Nissan also tuned the NISMO Juke to make 197 hp and 184 pounds-feet of torque, versus the standard Juke's 188 hp and 177 pounds-feet of torque. The standard drivetrain provides snappy acceleration, but the optional continuously variable automatic transmission removes some of the fun. Power feels binary; if you can get past the initial turbo lag and wait for the CVT to pick up revs, the Juke scoots. Below that, however, power feels modest. Alas, the CVT is the only transmission available with all-wheel drive. Front-drive SV, SL and NISMO models come standard with a six-speed manual.
EPA-estimated gas mileage is a decent 27/32/29 mpg city/highway/combined with the automatic, or about 2 mpg less with the manual. All-wheel-drive Jukes get an estimated 25/30/27 mpg. Those figures are decent, ranking just ahead of the Mini S Countryman and beating other small SUVs by a wider margin. If mileage is high on your list, however, go with a conventional compact hatchback. Many have combined EPA mileage in the low 30s — and they seldom prefer premium gas, as both the Nissan and Mini do.
On the Juke SV and SL, Nissan's Integrated Control ("I-CON") system has Sport, regular and Eco modes that affect accelerator and transmission response. Sport pegs the CVT into brief, fixed ratios to simulate a conventional, fixed-gear automatic, which gives you the sensation — however contrived — of engine revving. Eco mode, by contrast, relaxes accelerator response to increase gas mileage, but incurs even more lag when pulling around slower traffic. The system purports to change steering feel, too, but I observed little difference between the modes.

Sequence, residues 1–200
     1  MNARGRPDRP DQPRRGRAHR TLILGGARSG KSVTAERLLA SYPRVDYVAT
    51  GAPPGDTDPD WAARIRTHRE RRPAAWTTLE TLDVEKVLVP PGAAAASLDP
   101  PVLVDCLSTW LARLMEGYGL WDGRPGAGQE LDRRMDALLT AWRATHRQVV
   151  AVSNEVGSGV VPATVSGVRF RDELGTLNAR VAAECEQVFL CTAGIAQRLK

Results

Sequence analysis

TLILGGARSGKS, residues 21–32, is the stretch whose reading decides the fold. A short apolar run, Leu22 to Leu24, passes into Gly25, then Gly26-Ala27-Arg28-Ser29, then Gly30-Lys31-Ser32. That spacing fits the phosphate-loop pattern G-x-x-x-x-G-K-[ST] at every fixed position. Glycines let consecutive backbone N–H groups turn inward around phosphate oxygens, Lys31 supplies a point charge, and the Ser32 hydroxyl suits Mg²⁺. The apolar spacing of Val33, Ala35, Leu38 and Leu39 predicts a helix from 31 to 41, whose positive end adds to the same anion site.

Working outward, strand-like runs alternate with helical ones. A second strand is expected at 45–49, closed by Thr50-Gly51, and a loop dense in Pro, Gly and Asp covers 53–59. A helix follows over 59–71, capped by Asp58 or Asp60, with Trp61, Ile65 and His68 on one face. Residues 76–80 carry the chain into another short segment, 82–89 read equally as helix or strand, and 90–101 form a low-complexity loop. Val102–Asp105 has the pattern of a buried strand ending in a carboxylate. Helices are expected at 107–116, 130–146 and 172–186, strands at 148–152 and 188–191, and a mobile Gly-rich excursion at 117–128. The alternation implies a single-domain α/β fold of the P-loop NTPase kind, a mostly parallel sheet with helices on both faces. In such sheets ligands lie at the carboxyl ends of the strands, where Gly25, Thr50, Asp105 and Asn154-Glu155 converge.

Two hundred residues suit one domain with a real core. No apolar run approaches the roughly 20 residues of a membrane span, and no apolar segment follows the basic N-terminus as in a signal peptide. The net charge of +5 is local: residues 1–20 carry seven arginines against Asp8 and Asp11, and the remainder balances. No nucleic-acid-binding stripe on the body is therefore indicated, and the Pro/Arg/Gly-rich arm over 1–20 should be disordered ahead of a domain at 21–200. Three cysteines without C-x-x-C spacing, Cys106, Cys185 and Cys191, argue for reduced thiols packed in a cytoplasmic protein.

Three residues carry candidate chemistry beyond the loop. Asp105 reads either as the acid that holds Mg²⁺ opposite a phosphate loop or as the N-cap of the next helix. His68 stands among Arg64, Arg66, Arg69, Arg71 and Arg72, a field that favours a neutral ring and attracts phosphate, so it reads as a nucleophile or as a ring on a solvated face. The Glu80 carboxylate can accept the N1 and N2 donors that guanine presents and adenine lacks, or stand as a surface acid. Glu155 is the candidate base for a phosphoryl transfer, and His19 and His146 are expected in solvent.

All-wheel-drive Jukes have a four-wheel-independent suspension, which improves — in theory — on the front-drive Juke's independent front and semi-independent, torsion-beam rear. Still, anyone who travels long distances should look elsewhere; the Juke rides firmly, with plenty of road noise and twitchy steering that requires periodic corrections to stay on course.
Safety, Features & Pricing
The Juke earned top scores in the Insurance Institute for Highway Safety's front, side-impact, roof-strength and rear crash tests, making the model an IIHS Top Safety Pick. IIHS has yet to administer its small-overlap test, however. Standard safety features include six airbags and the required antilock brakes and electronic stability system. Lane departure, blind spot and forward collision warning systems — fast-growing options among newer cars — remain unavailable. The Juke's reliability has been average. The Juke S starts around $20,000 including the destination charge, and it comes well-equipped for that price. Standard features include the CVT, cruise control, air conditioning, 17-inch alloy wheels and a CD stereo with iPod/USB connectivity, steering-wheel audio controls and Bluetooth phone (but not audio streaming) connectivity. The front-drive SV, SL and NISMO come with a standard six-speed manual; all other variations, including all-wheel drive models in any trim, have the automatic.
Check all the factory options and an all-wheel-drive Juke SL runs about $27,000; the NISMO costs a few hundred dollars more, but it lacks heated seats or leather — features included on the Juke SL, alongside a standard navigation system and backup camera, which are optional on the NISMO.
Juke in the Market
The Juke is a bit player. In 2012, Nissan sold about four Rogue SUVs — a model that hasn't recently been redesigned — for every Juke. We wouldn't be surprised if Nissan scuttled this crossover after a single generation.
But this is an automaker that seems committed to oddball products, and it's possible we could see a second-generation Juke in a few years. All that does little to broaden the appeal of today's car, which remains a niche vehicle for a specific buyer.